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New Utah State Park Named After 100 Million-Year-Old Dinosaur

Utahraptor State Park is bound to be an attraction.


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As travelers are itching to get outside and explore, Utah has announced it will create two new state parks for visitors to enjoy. And to make it even more exciting, one of them will be named after a 100 million-year-old dinosaur.

Yes, Utahraptor State Park was approved by state legislators on March 11 and will be located near Moab and Arches National Park. This area was chosen because it was the site where 100 million-year-old bones were found in the '70s and '90s. At the time, the dinosaur was unknown but has since been dubbed the Utahraptor with standout features like feathers. Incredibly, the 20-foot-long carnivore with claws weighed over 600 pounds when it was alive, making it even more of an incredible discovery.

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Today, the Utahraptor is the state's official dinosaur, making it a fitting name for a new state park. And the goal is that the state park recognition will prevent fossils from being stolen. Plus, the area has other historical importance, as it was once a concentration camp for Japanese Americans during World War II.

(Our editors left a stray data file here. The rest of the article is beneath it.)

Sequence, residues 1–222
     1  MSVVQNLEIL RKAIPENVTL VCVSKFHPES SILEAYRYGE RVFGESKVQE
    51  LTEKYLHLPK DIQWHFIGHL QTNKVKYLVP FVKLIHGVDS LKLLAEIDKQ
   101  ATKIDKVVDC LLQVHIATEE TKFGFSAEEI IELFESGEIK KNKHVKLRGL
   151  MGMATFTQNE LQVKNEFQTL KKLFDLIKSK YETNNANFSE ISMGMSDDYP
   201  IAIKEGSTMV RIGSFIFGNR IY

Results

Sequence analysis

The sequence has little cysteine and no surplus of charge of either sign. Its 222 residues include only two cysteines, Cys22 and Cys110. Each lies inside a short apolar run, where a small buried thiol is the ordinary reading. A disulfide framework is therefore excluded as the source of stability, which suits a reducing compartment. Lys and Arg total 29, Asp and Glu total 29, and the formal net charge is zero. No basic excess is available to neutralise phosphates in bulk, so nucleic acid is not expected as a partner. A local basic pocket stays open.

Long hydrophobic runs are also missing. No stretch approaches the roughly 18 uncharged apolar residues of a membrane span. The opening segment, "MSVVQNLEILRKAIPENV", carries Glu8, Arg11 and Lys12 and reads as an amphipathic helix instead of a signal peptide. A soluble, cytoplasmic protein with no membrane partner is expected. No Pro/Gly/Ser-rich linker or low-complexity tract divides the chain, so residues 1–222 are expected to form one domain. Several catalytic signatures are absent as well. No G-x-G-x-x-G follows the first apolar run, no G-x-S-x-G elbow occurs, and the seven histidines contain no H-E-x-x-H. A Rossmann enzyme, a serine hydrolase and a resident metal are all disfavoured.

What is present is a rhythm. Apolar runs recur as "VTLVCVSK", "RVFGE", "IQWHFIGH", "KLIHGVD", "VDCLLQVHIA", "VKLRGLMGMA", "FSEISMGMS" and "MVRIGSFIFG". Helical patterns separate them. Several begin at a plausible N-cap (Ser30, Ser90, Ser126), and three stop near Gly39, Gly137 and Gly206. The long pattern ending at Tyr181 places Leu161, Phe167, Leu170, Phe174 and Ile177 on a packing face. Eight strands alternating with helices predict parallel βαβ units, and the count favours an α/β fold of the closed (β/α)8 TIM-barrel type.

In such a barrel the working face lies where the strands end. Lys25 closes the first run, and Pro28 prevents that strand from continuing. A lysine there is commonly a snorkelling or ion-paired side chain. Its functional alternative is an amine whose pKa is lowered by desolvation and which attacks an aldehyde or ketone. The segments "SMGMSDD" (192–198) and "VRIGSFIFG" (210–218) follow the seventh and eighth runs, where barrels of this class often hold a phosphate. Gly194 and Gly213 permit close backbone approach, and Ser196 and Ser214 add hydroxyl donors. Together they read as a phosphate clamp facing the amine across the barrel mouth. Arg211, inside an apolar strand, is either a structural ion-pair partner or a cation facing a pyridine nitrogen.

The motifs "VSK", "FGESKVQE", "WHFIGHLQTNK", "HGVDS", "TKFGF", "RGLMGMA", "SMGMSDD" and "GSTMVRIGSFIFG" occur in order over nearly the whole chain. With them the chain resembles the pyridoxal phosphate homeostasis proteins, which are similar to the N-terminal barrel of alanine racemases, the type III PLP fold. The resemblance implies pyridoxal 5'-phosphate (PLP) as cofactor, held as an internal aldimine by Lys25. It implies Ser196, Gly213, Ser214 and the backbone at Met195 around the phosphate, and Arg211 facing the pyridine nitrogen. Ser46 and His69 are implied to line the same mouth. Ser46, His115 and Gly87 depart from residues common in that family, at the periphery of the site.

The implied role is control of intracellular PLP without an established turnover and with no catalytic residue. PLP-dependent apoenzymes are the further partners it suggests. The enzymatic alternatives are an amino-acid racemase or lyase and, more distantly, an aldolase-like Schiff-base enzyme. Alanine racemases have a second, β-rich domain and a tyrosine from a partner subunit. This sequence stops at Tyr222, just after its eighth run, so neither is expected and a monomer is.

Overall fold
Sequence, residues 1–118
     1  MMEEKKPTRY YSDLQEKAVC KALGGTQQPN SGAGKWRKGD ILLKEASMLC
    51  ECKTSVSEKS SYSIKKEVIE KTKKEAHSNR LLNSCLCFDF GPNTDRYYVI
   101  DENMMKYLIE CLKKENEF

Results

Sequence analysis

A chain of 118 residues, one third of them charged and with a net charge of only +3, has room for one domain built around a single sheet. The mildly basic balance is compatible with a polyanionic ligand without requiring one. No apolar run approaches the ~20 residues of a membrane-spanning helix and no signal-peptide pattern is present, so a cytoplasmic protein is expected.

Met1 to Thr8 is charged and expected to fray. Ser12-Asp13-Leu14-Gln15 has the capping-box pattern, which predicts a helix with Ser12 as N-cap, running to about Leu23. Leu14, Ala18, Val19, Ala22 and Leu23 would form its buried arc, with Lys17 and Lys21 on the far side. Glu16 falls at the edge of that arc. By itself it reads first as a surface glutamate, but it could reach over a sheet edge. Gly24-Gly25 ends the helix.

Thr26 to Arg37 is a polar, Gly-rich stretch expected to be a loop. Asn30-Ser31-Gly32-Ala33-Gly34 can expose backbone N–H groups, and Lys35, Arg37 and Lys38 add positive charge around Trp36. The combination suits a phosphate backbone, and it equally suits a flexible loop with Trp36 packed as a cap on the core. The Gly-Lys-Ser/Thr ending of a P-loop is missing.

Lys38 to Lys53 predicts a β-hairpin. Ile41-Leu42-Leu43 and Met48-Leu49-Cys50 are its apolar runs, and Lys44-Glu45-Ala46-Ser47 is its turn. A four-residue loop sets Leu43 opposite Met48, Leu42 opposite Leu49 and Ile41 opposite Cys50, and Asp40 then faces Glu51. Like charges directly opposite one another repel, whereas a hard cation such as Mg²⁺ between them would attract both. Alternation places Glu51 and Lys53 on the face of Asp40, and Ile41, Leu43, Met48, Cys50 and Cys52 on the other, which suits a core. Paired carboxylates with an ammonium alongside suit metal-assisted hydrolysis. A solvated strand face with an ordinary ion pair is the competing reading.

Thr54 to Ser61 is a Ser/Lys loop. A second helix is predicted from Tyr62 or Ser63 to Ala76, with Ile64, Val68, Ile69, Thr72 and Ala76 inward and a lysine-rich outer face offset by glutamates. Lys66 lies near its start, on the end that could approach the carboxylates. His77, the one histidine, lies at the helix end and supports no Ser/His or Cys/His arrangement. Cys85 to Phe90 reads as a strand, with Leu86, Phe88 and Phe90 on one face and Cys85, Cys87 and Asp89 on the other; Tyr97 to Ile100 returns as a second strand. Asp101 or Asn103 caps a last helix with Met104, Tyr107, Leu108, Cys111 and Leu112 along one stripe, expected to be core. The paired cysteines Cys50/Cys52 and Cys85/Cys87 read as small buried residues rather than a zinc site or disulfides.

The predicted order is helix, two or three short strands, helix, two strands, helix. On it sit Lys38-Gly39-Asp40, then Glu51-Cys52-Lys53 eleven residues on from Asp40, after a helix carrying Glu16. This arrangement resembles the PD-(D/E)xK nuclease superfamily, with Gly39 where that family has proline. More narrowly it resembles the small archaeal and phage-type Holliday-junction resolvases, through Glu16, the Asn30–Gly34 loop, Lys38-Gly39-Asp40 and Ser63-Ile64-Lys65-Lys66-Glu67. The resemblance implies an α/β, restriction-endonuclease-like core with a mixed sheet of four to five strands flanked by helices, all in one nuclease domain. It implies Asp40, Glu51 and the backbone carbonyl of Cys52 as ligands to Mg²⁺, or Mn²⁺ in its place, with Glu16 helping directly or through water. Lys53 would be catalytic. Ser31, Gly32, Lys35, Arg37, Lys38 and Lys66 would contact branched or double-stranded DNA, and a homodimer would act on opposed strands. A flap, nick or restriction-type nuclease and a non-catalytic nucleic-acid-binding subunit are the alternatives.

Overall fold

"[This land is] valuable because of the paleontology, the history, and the recreation," said Grand County commission chair Mary McGann in a Senate committee meeting about the bill. "It is now being abused, terribly abused. It's not only ugly—it's also unhealthy."

What will be available to visitors at the 6,500-acre park is to expect 150 miles of mountain biking and hiking trails. Some campgrounds are in the area, but no restrooms or trash cans are available. That will hopefully change over time as funds become available with the new designation.

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Nearby attractions along the Dinosaur Diamond Prehistoric Highway include the Utah Field House of Natural History State Park Museum, Dinosaur National Monument, and several dinosaur quarries.

The other new state park will be Lost Creek State Park, known for fishing, water sports, and boating.


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